Viewing entries posted in January 2014
I will be attending the AFI/AACTA Awards tomorrow night in Sydney at the Star Casino with psychologist Eve Ash, whose documentary Shadow of Doubt is one of four movies nominated for Best Feature Length Documentary. Eve and I, along with the two others from the production team, will be walking the red carpet with our "Free Sue" badges on. You might catch it live on the TV - channel 5 from 8.30 pm onwards. It would be wonderful if the film were to win, especially due to the national and international attention it would draw to Sue's case.
I always enjoy reading the Australian Lawyers Alliance newsletter so that I can keep in touch with issues from other jurisdictions, including key ones from overseas. They have a very entertaining section containining "Opinion matters" with quirky quotes, "Fast Facts" and "Word of the Week". I really like the latter. This week's word of the week is Doryphore (DOR-ee-phor) - One who draws attention to the minor errors made by others, especially in a pestering manner; a pedantic gadfly.
The word “corruption” is a problematic one and has a host of definitions and interpretations. It is often frequently used to refer to a wide range of misconduct matters. (Interestingly, in Tasmania, when Government chose to establish an Anti-Corruption Authority (ACA), they called it the “Integrity Commission”. The legislation that underpins the agency does not even mention the word “corrupt” or “corruption” once, unlike the ACA’s in other States/Territories.)
The US Department of Justice and the US Department of Commerce’s National Institute of Standards and Technology (NIST) today announced appointments to a newly created National Commission on Forensic Science. Members of the commission will work to improve the practice of forensic science by developing guidance concerning the intersections between forensic science and the criminal justice system. The commission also will work to develop policy recommendations for the US Attorney General, including uniform codes for professional responsibility and requirements for formal training and certification. See http://wrongfulconvictionsblog.org/2014/01/14/national-commission-on-forensic-science/
An article from the US Florida Innocence Project argues that women are treated differently by the justice system in the United States. See http://floridainnocence.org/content/?p=10458. The article claims that women's cases are often fraught with prosecutorial misconduct, falsifying or withholding evidence, and gender-based bias. In many cases, the bias against women by prosecutors, judges, and juries is often pivotal in deciding the case. The article points out that in many cases, women are convicted using circumstantial evidence. According to a study by the Bluhm Legal Clinic's Center on Wrongful Convictions at Northwestern Law School, 40% of female exonerees were victims of police or prosecutorial misconduct. The article also provides some illustrative case studies. In one case, it was the woman's own defence counsel who failed to adequately challenge critical forensic evidence (toxicological findings about the alleged arsenic poisoning).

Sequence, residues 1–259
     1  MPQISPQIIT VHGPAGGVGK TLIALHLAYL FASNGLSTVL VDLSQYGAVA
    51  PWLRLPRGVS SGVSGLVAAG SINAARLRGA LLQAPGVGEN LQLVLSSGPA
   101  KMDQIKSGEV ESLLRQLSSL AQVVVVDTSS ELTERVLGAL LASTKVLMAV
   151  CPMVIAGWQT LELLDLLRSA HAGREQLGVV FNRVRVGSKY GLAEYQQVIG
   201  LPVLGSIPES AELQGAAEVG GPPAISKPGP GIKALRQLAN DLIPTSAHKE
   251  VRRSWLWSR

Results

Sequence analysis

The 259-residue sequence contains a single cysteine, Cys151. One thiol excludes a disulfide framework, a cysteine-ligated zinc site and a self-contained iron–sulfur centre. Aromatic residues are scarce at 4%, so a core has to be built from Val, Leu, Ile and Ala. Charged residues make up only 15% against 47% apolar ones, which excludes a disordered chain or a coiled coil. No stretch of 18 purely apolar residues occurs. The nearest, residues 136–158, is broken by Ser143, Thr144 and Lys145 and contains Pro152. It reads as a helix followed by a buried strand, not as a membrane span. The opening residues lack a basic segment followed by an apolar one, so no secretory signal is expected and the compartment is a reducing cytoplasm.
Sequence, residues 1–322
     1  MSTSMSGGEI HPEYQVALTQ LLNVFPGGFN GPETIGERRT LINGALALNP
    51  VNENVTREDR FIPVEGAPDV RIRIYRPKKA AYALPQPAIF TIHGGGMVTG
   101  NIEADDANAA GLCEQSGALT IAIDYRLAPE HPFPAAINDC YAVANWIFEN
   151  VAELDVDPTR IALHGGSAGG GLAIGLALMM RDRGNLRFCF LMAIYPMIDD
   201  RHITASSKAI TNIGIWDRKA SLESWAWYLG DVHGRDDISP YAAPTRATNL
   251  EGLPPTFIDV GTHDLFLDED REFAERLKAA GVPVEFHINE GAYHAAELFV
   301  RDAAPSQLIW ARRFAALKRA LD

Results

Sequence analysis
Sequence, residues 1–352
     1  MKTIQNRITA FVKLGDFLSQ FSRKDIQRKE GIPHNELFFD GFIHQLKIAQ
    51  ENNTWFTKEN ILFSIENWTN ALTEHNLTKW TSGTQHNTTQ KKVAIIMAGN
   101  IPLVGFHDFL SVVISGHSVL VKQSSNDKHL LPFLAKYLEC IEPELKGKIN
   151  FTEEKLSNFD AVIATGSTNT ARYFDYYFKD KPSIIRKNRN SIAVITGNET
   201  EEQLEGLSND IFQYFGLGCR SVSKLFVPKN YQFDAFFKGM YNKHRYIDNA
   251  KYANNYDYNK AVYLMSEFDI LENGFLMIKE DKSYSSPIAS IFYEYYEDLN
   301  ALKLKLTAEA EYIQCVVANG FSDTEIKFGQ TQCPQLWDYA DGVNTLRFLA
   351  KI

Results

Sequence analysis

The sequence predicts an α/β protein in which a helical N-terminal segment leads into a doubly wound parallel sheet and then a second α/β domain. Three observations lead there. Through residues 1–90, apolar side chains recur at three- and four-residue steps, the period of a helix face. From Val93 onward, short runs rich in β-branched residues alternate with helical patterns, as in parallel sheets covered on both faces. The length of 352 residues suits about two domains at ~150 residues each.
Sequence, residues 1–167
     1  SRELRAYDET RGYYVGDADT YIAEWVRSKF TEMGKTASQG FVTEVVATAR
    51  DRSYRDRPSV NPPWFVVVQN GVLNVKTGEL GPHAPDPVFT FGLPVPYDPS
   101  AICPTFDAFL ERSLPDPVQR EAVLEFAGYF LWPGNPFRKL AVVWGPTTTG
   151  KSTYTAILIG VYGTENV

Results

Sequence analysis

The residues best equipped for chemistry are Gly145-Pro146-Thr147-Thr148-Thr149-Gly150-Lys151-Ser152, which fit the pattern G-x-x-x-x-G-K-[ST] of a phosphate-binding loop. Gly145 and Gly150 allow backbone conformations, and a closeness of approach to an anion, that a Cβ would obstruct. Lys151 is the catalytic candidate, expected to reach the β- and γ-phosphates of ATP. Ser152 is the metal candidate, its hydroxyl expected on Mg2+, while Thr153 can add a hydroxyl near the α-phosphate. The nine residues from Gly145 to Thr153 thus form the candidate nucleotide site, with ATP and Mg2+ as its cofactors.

Thanks Peter from Sydney for your heads up on this thought provoking article. An article by Adam Creighton in The Australian on 10 January 2014 entitled "Too many laws, too many lawyers" asks some interesting questions. See http://www.theaustralian.com.au/business/opinion/too-many-laws-too-many-lawyers/story-fnc2jivw-1226798547298#. It seems that there is a dramatic waning in the number of economists and a burgeoning of lawyers. In fact, the article refers to lawyers as "anti-economists". The article states that in the nine years from June 1999, the number of people employed in the legal services industry in Australia ballooned more than 25% to 99,000. The number of practising solicitors in NSW, over the same period, surged 51% to 22,105.
There was a surprising development in the Gordon Wood case earlier this month when senior NSW Police applied to have the matter re-opened based on what they believed to be fresh and compelling evidence. See the summary provided by Dr Bob Moles at his Networked Knowledge website - http://netk.net.au/NSW/Wood1.pdf
Further Screenings of Shadow of Doubt in Hobart to Mark the 5th Anniversary of Bob Chappell's "Death"
The State Cinema Hobart will hold two "encore" screenings of the international award winning doco Shadow of Doubt on Saturday 25 January at 1.00 pm and Wednesday 29 January at 6.15 pm. The movie has now screened in Hobart, Melbourne, Canberra and Sydney, with more screenings in other major centres to occur in 2014.
Yet another story of a shocking miscarriage of justice here in Australia, this time in Victoria. Douglas Jensen was wrongly convicted of murdering his father, who died in 2000 in the kitchen of his farm house from a single shotgun wound. You can read his story at http://www.smh.com.au/national/2450-days-in-prison-for-a-murder-he-didnt-commit-20140111-30ndj.html. Douglas has now submitted a claim to the Victorian A-G for financial compensation for wrongful imprisonment. The claim was denied and Jensen was informed that the A-G was not obliged to give a reason. Is this justice?
The Eve Ash documentary Shadow of Doubt, which covers the issues surrounding the 2010 Sue Neill-Fraser murder conviction here in Tasmania, has received yet another prestigious award. This time from America - a CINE Gold Eagle award. The list of awards is growing with the movie also having been nominated here in Australia for an AFI/AACTA award for Best Feature Length Documentary. The award will be announced on the evening of 30 January 2014 in Sydney.